2013 asco ons safety standards2
2013 ASCO/ONS Safety Standards
  • Thirty-six standards encompassing seven domains, which include the following:
cdc bicapp
  • CDC’s Basic Infection Control And Prevention Plan for Outpatient Oncology Settings
  • Developed for outpatient oncology facilities to service as a model for a basic infection control and prevention plan.
  • Not designed to address:

-Infection prevention issues that are unique to blood and marrow transplant centers

-Occupational health requirements

-Appropriate preparation and handling (e.g., reconstituting, mixing, diluting, ---compounding) of sterile medications, including antineoplastic agents

-Clinical recommendations and guidance on appropriate antimicrobial prescribing practices and the assessment of neutropenia risk in patients undergoing chemotherapy

cdc bicapp1
  • BICAPP elements include:
    • Standard and Transmission-Based Precautions
    • Education, Training, and Competency Evaluations
    • Health Care Associated Infection Surveillance and Disease Reporting
    • Central Venous Catheters
cdc bicapp2
  • All outpatient oncology (and rheumatology) practices should have a infection control and prevention plan in place which includes all of these essential elements
  • All outpatient oncology offices should have at least one staff person with responsibility over infection control policies and procedures; with some training in basic infection control
handling hazardous drugs
Handling Hazardous Drugs
  • Multiple applicable guidelines; minimum requirements detailed in NIOSH Alert
  • ASHP follows same basic tenets of NIOSH
  • USP 797 and now 800 more detailed on technical engineering requirements (compounding)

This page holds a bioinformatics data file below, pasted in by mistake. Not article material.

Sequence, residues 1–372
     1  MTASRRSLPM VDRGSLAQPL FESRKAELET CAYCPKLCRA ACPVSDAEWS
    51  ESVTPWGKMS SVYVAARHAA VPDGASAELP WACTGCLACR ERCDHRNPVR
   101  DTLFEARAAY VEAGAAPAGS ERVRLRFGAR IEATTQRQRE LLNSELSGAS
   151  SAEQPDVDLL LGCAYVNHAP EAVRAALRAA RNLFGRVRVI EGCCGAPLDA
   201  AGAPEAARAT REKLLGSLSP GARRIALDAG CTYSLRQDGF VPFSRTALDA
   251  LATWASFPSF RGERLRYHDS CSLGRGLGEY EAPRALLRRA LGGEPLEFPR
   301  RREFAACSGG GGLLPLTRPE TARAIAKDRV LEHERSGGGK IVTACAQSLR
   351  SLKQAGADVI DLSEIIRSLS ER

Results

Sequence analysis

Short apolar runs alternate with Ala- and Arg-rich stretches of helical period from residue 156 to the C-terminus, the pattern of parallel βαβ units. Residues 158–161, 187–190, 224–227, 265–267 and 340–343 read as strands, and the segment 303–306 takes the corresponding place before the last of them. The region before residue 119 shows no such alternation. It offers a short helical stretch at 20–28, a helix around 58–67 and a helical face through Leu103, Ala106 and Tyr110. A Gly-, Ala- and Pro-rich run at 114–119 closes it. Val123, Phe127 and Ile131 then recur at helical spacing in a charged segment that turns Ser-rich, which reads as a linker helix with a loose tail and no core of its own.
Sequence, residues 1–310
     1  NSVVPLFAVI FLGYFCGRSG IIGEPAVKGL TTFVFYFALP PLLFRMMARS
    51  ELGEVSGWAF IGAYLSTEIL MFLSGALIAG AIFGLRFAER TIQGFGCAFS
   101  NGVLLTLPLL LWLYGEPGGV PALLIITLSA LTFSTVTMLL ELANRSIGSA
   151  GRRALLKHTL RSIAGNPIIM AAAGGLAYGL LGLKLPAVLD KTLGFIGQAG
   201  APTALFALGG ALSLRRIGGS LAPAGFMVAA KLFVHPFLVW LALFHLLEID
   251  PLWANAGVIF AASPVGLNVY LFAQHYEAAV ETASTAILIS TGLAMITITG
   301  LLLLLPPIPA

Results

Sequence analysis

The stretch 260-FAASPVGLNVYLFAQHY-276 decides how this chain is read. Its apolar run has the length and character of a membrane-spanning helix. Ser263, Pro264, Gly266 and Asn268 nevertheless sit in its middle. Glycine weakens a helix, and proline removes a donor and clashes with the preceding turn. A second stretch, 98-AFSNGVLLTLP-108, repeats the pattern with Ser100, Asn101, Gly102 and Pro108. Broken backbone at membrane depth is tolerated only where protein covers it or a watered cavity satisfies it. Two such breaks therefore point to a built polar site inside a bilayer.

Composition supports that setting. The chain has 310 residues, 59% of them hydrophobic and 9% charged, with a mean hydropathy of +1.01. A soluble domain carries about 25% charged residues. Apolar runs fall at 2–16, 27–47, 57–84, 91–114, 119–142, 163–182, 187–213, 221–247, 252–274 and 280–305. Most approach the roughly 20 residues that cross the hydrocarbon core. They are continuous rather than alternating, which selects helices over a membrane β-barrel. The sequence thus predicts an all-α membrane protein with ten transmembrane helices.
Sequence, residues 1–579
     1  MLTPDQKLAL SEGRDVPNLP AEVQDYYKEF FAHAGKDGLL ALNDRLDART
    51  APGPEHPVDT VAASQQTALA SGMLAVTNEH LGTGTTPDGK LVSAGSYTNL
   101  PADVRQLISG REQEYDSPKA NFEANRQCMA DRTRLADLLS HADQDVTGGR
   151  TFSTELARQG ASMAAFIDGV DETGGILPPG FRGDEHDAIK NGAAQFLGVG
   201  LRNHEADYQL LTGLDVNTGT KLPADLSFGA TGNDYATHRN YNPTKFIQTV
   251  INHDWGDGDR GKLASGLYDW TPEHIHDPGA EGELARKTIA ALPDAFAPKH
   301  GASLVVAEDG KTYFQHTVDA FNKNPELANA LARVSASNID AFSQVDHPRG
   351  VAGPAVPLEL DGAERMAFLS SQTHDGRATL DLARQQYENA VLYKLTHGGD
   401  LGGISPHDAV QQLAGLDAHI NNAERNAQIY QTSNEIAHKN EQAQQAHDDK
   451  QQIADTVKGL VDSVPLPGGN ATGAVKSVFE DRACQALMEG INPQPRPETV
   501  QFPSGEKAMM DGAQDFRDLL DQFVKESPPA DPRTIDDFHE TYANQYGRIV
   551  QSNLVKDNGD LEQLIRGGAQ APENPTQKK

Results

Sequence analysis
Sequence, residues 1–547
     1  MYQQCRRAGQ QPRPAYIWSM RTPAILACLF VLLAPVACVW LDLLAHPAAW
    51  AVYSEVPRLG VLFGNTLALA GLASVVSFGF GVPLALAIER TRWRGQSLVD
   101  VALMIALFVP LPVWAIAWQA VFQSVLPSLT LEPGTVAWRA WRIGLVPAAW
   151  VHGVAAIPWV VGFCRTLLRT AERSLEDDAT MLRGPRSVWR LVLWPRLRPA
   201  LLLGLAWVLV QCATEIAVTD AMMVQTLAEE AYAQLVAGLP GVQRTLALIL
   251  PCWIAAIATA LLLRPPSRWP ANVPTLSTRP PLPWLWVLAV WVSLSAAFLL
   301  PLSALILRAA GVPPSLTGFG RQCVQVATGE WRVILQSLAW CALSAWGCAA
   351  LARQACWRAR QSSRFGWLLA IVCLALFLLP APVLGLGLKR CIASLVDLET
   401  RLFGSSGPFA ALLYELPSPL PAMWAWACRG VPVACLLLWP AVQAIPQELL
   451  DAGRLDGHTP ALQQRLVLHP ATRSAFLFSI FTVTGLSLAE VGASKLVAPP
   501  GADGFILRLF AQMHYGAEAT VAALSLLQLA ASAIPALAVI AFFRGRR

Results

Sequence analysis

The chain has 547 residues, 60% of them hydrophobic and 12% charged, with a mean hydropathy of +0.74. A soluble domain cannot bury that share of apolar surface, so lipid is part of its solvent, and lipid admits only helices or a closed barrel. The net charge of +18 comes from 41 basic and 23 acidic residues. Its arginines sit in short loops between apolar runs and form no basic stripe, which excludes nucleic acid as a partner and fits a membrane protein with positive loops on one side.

niosh alert
  • General recommendations include:
    • Assess the hazards in the workplace.
    • Handle drugs safely.
    • Use and maintain equipment properly
niosh alert1
  • Detailed Recommendations
    • Receiving and Storage
    • Drug Preparation and Administration
    • Ventilated Cabinets (including selection, air flow and exhaust and maintenance)
    • Routine Cleaning, Decontaminating, Housekeeping, and Waste Disposal
    • Spill Control
    • Medical Surveillance
usp 797
USP 797
  • Details the procedure and requirements for compounding sterile preparations and sets standards applicable to all settings in which sterile preparations are compounded
  • Not specific to hazardous drugs
usp 800
USP 800
  • Newly proposed chapter to guide handling of hazardous drugs in all healthcare settings
  • Details the procedure and requirements for receipt, storage, mixing, preparing, compounding, dispensing, and administration of hazardous drugs
  • A few key differences with 797 which they state will be reconciled (re: engineering controls)
usp 8001
USP 800
  • Engineering controls
  • Competent personnel
  • Robust work practices
  • Availability of appropriate PPE
  • Policies for use of PPE and employee compliance
  • Medical Surveillance
  • Policies for HD waste segregation and disposal
usp 8002
USP 800
  • General Chapter <800> is posted online at Submit comments with corresponding line numbers
  • Email comments to [email protected]
  • Comments due July 31st, 2014
concluding remarks
Concluding Remarks
  • MOSH has been working with ONS on hazardous drug regulations
  • CDC/NIOSH representatives may be able to join a meeting to answer questions/clarify standards
next steps
Next steps
  • Open discussion with initial thoughts and perspectives
  • Before next meeting, please review these standards (ASCO-ONS, CDC, NIOSH)
  • Next meeting:
    • Providers present on barriers to implementing standards
    • Board of Pharmacy/ASHP/Physicians present on what other states are doing